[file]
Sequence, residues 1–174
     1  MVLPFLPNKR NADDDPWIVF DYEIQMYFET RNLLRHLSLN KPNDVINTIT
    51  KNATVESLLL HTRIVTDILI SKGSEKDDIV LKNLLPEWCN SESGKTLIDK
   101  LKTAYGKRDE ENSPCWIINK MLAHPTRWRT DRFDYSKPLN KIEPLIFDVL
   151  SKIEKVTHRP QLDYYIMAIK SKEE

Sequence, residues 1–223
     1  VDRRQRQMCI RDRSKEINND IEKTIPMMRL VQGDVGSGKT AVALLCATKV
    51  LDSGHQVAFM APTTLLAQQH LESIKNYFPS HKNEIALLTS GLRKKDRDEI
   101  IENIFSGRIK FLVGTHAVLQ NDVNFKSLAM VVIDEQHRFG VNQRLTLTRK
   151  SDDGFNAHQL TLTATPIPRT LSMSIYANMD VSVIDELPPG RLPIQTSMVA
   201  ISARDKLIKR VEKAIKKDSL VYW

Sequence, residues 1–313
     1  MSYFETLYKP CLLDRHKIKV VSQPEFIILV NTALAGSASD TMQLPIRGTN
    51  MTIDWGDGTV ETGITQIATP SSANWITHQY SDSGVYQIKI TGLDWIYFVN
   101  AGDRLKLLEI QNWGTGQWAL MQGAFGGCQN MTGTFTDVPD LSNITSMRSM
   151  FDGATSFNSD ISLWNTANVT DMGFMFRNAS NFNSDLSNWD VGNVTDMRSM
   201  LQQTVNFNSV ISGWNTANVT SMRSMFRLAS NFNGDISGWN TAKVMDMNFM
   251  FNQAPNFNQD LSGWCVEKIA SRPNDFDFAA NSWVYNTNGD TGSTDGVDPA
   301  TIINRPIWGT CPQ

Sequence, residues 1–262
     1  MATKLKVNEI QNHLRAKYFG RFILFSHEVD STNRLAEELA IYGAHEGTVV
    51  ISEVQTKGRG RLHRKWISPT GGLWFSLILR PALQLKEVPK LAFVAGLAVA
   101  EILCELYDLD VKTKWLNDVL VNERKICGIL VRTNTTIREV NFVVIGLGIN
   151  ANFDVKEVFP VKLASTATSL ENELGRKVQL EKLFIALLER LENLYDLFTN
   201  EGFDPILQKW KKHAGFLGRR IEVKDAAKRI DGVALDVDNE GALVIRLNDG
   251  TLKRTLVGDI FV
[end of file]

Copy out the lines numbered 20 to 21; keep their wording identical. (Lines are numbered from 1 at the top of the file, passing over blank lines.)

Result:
Sequence, residues 1–262
     1  MATKLKVNEI QNHLRAKYFG RFILFSHEVD STNRLAEELA IYGAHEGTVV